Research from the Global Web Index has revealed the massive potential for generating revenue from online sports rights. The survey of 16,000 Internet users includes people in many of the countries who will be taking part in the tournament in South Africa including the USA, England, Mexico and South Korea.
This year's football World Cup will be the first where mass market online video streaming is a reality across the globe. Typically online rights are bundled with the TV deal as an add onâ€š but the Global Web Index shows that these rights are seriously undervalued, with FIFA potentially missing out on millions in revenue. The research shows there is already massive take-up of sports highlights and full length programming online. The Chinese lead the way where thanks to video platforms such as Youku and Tudou that carry full length programming as standard, 35 per cent had watched full length programmers online in the last month and 27 per cent had watched sports highlights. Other countries are not far behind.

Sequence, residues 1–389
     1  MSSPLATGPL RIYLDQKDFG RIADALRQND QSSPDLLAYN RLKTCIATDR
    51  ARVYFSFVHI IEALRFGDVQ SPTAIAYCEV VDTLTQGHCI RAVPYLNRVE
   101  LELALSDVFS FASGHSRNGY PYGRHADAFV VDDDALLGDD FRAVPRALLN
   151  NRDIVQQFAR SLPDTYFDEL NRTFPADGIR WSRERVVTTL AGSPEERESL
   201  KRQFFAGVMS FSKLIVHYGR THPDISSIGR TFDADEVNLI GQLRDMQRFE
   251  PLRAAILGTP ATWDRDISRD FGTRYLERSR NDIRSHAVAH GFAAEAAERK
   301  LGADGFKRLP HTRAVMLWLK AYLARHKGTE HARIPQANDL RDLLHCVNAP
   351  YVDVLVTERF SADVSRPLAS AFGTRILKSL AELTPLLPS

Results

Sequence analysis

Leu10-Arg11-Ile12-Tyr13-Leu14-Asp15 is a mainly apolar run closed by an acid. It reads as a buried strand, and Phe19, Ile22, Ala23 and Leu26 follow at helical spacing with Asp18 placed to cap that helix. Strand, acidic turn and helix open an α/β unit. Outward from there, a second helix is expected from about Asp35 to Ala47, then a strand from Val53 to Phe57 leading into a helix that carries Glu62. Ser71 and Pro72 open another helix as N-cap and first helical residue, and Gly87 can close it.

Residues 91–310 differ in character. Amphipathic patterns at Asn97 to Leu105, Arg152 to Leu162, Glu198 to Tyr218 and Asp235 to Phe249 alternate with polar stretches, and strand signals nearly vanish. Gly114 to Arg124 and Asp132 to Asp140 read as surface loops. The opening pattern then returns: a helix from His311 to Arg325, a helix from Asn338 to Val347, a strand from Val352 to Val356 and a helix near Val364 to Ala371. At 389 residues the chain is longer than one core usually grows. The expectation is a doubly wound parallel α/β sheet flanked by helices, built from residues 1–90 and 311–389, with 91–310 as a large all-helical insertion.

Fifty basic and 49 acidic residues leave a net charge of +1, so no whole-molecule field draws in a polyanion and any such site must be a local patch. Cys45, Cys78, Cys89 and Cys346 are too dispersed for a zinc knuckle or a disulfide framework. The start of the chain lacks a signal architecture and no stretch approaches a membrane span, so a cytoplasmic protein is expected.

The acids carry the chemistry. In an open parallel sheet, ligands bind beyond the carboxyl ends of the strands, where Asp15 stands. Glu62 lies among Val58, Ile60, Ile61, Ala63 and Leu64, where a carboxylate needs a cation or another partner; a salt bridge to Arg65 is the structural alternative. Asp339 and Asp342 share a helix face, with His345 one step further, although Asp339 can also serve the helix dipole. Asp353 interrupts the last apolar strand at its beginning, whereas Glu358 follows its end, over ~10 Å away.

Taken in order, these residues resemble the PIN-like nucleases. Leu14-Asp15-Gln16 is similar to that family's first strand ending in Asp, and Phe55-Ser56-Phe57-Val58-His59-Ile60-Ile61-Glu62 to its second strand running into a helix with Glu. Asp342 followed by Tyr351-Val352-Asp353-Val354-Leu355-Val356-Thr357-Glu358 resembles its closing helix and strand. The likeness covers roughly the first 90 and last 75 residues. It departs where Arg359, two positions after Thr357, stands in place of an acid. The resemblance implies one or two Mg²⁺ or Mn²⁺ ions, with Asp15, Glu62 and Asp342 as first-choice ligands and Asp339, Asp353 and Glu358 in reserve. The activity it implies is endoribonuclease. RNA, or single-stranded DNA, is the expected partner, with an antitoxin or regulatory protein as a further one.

More crucially there is huge, untapped potential for monetising streamed sport content. When asked what method of accessing live sports streams, there are very interesting differences in behaviour by country. Sports fans in India, South Korea, China, Mexico and Italy are most likely to choose to pay for their fix. Indians are most likely to pay to enjoy streamed sports without advertising (37 per cent) followed by South Koreans (32 per cent). In direct comparison, those living in the US and European markets in the study prefer free access, with ads. However there is still a very large interest in paying, and one that if monetised could be far more lucrative than the advertising revenue. It is a similar picture for watching clips of sporting highlights.